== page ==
Mortgage originations at Nevada credit unions increased 11 percent last year, defying trends from most lending institutions during the national recession, the Nevada Credit Union League reported.
The double-digit growth in the number of fixed-rate first mortgages comes despite a slight decline in the third quarter, the latest period of data released by the organization that represents about 500,000 credit union members in Nevada.
Total mortgage lending remained steady as loan activity grew 2.3 percent during the quarter.
There are a couple of reasons behind the growth, said Daniel Penrod, industry analyst for Nevada Credit Union League. Not only do credit unions have more funds, they’re willing to lend, he said.
“Our (lending) standards are the same as they were three years ago, five years ago, 10 years ago,” Penrod said. “Credit unions didn’t lower their standards during the boom to make more money. Because of that, they didn’t open themselves up to the questionable exotic loans you saw from other institutions.”
Credit unions reported a 16 percent drop in primary adjustable-rate mortgages, or ARMs, for the first three quarters, despite a gain of 20 percent in the third quarter.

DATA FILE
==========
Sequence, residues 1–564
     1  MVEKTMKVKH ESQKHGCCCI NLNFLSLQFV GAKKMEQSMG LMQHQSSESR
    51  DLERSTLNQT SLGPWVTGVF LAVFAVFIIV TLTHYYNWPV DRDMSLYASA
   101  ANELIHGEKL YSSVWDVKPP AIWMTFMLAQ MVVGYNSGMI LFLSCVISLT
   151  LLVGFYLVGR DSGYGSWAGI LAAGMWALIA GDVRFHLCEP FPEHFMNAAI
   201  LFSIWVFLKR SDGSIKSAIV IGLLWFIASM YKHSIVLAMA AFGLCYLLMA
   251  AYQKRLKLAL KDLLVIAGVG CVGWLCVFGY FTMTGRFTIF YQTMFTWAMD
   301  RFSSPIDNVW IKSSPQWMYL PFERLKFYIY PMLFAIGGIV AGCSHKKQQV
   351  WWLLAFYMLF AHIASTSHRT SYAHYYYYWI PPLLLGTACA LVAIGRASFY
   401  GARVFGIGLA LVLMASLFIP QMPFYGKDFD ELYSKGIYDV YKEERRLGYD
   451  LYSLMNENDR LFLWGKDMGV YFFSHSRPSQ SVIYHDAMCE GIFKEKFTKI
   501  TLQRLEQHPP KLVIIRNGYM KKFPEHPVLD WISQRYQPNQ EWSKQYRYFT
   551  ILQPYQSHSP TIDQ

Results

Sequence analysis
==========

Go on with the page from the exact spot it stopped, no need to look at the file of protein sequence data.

Penrod expects ARMs to decrease this year as homeowners take advantage of lower fixed-rate options spurred by lower interest rates.
He said Nevada credit unions’ portfolio of ARMs decreased because there’s no incentive to do adjustable-rate loans when the spread, or difference, from a fixed rate is so small.
Overall, credit unions remain optimistic about growth in 2009, which will depend on whether government intervention drives down mortgage rates, Penrod said. A significant drop in interest rates could spur the refinancing market and attract new home buyers, he said.
Overall growth at financial institutions is likely to be “fairly muted” during 2009, Penrod said. Credit unions will continue to see increased lending activity.
“We have solid capital, conservative lending standards and the ability to meet increased demand for lending products of all types,” he said.
Contact reporter Hubble Smith at firstname.lastname@example.org or 702-383-0491.